|Three queued items, the oldest is from Jan 2015|
There were a couple of interesting comments on my previous post.
"Hi Robin, I've noticed a big change in the last couple of years of customer reaction on Ravelry. It used to be when I published a design there would be a surge of sales (and occasionally I'd end up on the hot right now list). But now there is hardly any reaction and low sales. Patterns seem to sell most 2-3 years after publishing, probably after a few projects have been posted to Ravelry."
Cassie's comment is in alignment with what I'm experiencing. There isn't much reaction when I release a pattern. Even though I'm seeing a slow but steady increase in overall pattern sales I don't get very many project pages popping up. I see a lot more sales than those project pages would indicate. Is it possible that knitters see new patterns popping up so fast they pay less attention now?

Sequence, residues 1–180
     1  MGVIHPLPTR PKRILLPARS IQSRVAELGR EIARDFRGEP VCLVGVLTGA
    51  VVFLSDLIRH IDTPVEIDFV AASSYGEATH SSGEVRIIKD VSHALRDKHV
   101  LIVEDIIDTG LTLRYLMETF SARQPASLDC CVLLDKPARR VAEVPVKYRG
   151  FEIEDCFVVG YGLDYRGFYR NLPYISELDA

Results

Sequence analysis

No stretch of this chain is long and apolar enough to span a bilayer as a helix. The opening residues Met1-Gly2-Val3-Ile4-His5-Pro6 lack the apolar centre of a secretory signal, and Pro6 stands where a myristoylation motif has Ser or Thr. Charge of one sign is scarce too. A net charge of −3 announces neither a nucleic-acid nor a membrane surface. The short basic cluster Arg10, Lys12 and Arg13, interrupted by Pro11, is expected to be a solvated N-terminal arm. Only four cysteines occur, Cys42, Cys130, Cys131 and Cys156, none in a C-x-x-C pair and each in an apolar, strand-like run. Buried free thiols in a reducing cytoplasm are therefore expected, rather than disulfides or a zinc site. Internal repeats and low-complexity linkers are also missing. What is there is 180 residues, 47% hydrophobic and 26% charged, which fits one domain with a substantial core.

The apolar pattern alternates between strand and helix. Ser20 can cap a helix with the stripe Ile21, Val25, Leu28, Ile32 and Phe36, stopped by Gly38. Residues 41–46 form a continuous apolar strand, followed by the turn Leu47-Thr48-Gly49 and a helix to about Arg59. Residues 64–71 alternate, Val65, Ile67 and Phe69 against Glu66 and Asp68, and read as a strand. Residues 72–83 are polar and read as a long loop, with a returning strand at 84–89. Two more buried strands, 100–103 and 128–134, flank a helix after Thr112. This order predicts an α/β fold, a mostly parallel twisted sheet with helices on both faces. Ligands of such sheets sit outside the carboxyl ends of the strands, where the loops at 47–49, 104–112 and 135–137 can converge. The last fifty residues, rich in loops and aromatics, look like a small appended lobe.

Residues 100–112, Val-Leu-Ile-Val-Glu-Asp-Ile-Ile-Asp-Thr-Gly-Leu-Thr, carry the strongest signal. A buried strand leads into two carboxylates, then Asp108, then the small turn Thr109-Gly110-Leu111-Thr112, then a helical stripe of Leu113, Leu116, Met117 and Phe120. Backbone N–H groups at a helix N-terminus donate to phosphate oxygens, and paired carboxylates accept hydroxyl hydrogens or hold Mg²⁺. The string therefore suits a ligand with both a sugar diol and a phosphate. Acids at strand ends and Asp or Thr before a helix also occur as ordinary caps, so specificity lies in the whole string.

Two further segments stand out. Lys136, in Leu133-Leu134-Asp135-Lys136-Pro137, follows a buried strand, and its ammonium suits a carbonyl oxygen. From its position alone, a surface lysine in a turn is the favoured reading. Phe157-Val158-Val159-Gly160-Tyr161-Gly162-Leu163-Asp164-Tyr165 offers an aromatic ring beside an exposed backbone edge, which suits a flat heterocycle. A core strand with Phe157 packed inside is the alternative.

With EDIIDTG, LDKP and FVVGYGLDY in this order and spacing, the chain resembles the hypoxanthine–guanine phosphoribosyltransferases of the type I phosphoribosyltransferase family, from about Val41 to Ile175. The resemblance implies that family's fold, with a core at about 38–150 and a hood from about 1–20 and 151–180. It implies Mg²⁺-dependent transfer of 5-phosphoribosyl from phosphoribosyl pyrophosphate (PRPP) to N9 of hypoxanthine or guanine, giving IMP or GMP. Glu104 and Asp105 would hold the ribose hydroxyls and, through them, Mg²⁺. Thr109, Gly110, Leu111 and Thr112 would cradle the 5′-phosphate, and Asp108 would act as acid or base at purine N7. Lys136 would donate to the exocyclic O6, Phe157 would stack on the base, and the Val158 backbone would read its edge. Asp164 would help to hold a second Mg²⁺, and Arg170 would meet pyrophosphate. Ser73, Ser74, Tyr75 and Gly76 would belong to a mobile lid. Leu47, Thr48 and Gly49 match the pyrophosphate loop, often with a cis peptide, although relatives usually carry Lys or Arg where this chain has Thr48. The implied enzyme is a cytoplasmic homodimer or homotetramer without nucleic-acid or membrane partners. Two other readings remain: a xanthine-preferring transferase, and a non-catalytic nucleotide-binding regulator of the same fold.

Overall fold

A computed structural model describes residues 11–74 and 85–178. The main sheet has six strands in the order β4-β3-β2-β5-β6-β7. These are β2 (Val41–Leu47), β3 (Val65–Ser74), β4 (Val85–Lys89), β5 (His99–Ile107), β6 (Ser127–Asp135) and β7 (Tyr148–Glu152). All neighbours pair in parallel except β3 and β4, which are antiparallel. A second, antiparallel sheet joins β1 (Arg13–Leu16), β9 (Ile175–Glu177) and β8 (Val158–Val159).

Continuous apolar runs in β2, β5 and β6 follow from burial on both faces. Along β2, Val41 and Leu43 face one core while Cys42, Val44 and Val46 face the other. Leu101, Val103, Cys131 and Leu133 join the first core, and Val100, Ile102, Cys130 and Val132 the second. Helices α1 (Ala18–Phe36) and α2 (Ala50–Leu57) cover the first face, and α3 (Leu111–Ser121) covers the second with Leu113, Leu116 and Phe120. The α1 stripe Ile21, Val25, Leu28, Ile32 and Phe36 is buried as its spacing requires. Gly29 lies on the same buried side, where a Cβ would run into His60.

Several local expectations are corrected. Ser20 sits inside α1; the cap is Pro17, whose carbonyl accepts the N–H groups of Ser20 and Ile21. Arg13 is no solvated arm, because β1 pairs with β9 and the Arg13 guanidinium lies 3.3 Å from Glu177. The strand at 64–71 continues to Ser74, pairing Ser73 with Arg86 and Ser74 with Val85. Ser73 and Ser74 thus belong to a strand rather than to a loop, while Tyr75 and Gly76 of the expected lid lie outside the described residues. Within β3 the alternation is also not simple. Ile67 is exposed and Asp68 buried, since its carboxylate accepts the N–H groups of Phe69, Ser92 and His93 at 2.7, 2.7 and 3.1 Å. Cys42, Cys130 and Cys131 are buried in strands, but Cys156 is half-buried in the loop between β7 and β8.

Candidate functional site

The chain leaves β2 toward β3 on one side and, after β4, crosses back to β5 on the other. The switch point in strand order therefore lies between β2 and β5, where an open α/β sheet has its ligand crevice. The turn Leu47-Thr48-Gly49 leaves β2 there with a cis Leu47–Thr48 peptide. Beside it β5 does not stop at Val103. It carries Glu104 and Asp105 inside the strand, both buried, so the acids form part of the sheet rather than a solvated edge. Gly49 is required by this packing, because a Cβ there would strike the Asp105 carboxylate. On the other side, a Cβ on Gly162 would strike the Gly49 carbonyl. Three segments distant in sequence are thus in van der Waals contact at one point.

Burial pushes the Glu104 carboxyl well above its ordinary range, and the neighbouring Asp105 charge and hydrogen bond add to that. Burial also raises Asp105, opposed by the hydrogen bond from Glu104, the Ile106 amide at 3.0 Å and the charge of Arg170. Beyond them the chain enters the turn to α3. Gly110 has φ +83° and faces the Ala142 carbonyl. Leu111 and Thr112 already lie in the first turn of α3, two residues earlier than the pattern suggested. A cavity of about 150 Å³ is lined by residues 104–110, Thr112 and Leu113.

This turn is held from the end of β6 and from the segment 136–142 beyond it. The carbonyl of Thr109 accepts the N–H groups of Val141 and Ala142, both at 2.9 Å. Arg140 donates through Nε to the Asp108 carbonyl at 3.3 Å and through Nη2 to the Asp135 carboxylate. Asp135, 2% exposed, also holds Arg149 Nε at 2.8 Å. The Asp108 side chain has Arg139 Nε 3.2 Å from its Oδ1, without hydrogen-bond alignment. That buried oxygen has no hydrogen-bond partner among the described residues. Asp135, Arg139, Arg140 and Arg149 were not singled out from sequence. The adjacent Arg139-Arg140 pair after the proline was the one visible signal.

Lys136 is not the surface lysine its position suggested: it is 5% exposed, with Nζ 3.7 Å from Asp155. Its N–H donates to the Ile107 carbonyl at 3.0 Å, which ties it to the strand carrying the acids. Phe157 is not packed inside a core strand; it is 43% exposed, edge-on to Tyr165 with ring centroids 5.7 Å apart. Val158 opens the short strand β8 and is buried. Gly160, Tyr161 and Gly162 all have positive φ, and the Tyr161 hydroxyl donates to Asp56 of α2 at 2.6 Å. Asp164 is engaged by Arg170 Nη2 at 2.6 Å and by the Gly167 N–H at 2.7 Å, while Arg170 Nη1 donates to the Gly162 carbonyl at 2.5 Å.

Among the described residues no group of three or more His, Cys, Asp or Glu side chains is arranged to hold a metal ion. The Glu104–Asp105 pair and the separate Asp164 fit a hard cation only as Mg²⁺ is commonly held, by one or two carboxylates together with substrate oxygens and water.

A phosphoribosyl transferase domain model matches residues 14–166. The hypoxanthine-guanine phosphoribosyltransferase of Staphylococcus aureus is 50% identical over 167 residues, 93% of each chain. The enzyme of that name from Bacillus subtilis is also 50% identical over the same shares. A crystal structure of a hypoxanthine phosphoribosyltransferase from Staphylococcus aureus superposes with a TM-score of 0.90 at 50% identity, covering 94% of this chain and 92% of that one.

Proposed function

Renee Anne said:
"I've noticed that, too. Also, people like me that don't have a ton of time to knit wind up making things like Clapotis many years after publication. And then there are designs that I've done that are just sitting in Ravelry, no love....no projects....except mine, of course (because I make prototypes of anything I design because I'm crazy that way). And then, someday, someone makes something and woo!"
This comment made me wonder if the ability to queue patterns keeps knitters going back to older patterns in a way they never did before? In the past you might put a marker in a magazine or book on a pattern but if you put it on a shelf you might not come across that pattern again for a long time. Now with your own online queue you can revisit those patterns more frequently and are reminded which yarn in your stash works with the pattern. I did a little investigation on some of my Ravelry friends pages and I saw lots of projects in their queues. What do you think?